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  • Ibn Rushd Summary

    of Greek Philosophy and Monotheistic Religions “On July 19, 711, an army of Arabs and Berbers unified under the Islamic Umayyad caliphate landed on the Iberian Peninsula” (M 'Bow 2). Over the next several decades, through diplomacy and warfare, they brought the entire peninsula under Islamic control. The new territories, were referred to as al-Andalus. This region of southern Europe produced a wealth of great thinkers which would influence the development of the modern world. Two such thinkers were Maimonides and Ibn Rushd. Both Maimonides and Ibn Rushd sought to reconcile pagan Greek philosophy with the monotheistic religions of al-Andalus, Islam in Ibn Rushd’s case, Judaism in Maimonides’ case. Ibn Rushd, better known in the West as Averroes, was born in 1126 A.D. in Cordoba. He was the descendant of a distinguished Cordovan family of scholars, and the third generation of his family to hold the office of judge. “Ibn Rushd owes much of his success in life to the patronage by two enlightened caliphs, Abu Yaqub Yusuf and Abu Yusuf Yaqub al-Mansur. Caliph Abu Yaqub, brought him to Córdoba and made him chief judge and his personal physician” (M’Bow 14). Under his sponsorship, Ibn Rushd took on the task of commenting on Aristotle’s works. “Ibn Rushd was able to discuss Greek philosophy freely with Abu Yaqub who encouraged him to write his commentaries on the works of Aristotle” (M 'Bow 14). One of those commentaries is “The Decisive Treatise Determining the Nature of the…

    Words: 1115 - Pages: 5
  • The Distinctive Features Of Natural Law And Situation Ethics

    The Distinctive Features of Natural Law and Situation Ethics The theories of natural law and situation ethics are far from concrete, and the impact of the contemporary ‘new natural law,’ led by the American philosopher Germain Grisez, appears to be a great one. Yet despite modern modifications, the two concepts are essentially deep-routed within human thinking. However, they were formulated at opposite ends of the second millennium: St. Thomas Aquinas’ 13th century…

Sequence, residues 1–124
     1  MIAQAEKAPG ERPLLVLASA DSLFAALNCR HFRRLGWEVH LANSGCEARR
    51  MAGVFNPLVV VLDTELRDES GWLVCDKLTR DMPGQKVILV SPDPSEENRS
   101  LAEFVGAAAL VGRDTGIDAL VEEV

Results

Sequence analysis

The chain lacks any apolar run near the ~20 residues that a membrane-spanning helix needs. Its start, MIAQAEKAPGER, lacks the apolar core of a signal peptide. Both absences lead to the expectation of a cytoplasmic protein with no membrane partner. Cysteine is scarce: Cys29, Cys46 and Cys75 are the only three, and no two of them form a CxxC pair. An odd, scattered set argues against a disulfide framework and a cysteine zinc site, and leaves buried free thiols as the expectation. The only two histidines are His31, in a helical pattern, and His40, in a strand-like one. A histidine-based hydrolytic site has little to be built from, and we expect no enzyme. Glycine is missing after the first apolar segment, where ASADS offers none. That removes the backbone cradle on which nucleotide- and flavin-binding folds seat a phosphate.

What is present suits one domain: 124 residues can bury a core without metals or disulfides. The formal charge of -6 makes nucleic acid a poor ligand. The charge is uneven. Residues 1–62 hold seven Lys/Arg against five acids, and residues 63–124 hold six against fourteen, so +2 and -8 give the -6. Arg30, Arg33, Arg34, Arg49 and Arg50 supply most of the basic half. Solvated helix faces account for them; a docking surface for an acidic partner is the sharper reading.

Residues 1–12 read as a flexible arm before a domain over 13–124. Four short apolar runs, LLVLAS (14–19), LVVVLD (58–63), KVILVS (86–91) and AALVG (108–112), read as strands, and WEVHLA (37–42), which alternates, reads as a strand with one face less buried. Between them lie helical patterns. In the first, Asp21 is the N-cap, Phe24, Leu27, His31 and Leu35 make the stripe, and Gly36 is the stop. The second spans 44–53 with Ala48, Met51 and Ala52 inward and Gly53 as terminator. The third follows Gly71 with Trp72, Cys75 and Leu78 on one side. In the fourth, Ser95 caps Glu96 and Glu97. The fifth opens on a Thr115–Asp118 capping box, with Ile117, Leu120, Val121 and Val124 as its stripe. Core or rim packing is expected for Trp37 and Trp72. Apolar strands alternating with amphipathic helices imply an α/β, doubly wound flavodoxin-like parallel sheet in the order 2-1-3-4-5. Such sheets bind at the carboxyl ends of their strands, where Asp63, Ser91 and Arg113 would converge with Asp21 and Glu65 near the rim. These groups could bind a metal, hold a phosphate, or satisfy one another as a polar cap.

Words: 966 - Pages: 4
  • Lao Tzu's Analysis

    Throughout the course of Cultural Perspectives, many texts and authors who have contributed to the Great Conversation have been discussed. Ultimately, each author is attempting to find his or her summum bonum or “highest good.” Although each author has a different definition of summum bonum, the majority agrees on the method required to attain the highest good: balance. Whether that balance be implicitly or explicitly accredited for the summum bonum differs for each author. Lao Tzu’s thoughts…

    Words: 1388 - Pages: 6
  • Averroes Argumentary On Plato's Republic

    Averroes (1126-1198) wrote a commentary on Plato’s Republic, and to some extent supported Plato’s idea of a philosopher-king and Farabi’s equation of that Philosophical king being an Islamic Imam. Averroes saw common ground between Shari’ah (Islamic law) and Plato’s general law, and believed there was no conflict between religion and philosophy, and was a supporter of equality for women. “They should be educated and allowed to serve in the military; the best among them might be tomorrow 's…

    Words: 1217 - Pages: 5
  • School Of Athens By Raphael Essay